Drivers in Louisiana will inevitably encounter large trucks when out on the road. Their prevalence can lead to complacency in thinking that they are just part of the landscape and there is little to worry about in terms of being injured in a truck accident. The reality is that these vehicles carry with them a significant danger even in the best of circumstances. A common issue with these trucks is the speed at which they travel. Regulators’ attempts to find a way to limit their speed is indicative of how widespread the problem is.
The National Highway Traffic Safety Administration (NHTSA) and the Federal Motor Carrier Safety Administration (FMCSA) jointly proposed that heavy-duty vehicles have a device installed in them that will limit their maximum speed. With this, all new vehicles would have the device set at a speed that cannot surpass a certain number. The weight of the vehicles would be part of the decision as to which vehicles should be equipped with this device. Those at 26,000 pounds would have it installed.
The carriers who operate the vehicles and use it to transport commerce across state lines would have to maintain this device. The speed limit itself is not known, but more research is planned to decide on what would be the optimal number. The reasoning behind this is for the safety of those on the road. The faster a vehicle is traveling, the more damaging a crash will be.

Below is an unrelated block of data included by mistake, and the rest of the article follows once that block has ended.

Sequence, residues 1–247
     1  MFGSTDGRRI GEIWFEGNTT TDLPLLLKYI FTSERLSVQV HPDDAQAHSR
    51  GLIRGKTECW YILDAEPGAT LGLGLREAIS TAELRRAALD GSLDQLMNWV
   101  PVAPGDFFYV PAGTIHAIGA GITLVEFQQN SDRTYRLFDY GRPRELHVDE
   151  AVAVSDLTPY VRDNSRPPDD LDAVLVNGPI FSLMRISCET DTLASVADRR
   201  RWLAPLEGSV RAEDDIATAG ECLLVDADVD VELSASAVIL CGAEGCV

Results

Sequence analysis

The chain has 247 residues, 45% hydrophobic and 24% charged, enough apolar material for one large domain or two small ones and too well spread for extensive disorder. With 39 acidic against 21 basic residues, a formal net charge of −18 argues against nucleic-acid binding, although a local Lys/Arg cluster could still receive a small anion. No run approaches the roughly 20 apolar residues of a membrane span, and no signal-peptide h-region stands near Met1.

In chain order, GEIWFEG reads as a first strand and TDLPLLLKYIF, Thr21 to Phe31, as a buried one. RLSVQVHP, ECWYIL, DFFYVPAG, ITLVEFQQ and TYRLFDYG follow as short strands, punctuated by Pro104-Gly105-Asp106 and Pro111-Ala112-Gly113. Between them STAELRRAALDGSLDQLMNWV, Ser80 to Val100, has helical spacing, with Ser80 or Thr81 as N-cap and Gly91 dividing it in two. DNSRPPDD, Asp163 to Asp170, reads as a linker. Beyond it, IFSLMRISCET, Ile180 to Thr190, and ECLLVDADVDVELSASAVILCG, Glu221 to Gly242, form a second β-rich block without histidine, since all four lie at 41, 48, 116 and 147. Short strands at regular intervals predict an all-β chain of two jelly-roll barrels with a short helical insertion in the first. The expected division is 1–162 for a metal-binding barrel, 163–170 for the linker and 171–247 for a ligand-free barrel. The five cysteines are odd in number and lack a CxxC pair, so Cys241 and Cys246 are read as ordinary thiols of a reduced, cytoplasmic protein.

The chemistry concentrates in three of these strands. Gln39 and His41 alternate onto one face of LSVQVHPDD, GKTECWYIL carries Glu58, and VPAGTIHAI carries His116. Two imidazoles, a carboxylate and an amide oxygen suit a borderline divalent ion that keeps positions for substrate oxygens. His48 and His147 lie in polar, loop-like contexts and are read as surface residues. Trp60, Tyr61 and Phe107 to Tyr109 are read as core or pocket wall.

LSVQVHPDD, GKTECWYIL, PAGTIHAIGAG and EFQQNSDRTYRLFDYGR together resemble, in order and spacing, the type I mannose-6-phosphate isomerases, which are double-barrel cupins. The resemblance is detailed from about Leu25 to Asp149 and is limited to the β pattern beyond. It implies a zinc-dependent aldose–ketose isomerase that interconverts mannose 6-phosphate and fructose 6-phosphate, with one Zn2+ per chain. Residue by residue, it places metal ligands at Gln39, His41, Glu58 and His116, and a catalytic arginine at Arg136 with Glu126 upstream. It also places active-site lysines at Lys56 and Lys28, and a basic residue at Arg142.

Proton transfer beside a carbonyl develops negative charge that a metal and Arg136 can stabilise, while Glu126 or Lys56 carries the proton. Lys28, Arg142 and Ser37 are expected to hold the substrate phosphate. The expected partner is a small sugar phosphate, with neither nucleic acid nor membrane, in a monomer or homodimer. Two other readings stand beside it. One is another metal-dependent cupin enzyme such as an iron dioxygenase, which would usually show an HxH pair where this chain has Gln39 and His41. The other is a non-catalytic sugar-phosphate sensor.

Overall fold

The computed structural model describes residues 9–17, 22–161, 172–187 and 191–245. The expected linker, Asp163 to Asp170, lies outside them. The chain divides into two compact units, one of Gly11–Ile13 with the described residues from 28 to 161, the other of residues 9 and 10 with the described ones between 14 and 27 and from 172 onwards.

It is natural for drivers who are on the road for extended periods to push beyond the speed limits. While they might be under the impression that this is not dangerous, the research indicates that the faster a vehicle is going, the more damage that can result from a truck accident. This can lead to serious injuries and fatalities.
Those who have been injured or lost a loved one in a semi truck crash due to speed or for another reason need to know their rights to seek compensation. An experienced trucking accident attorney can help people in this situation.
Source: truckinginfo.com, “DOT Finally Proposes Truck Speed-Limiter Rule,” David Cullen, Accessed on Sept. 13, 2016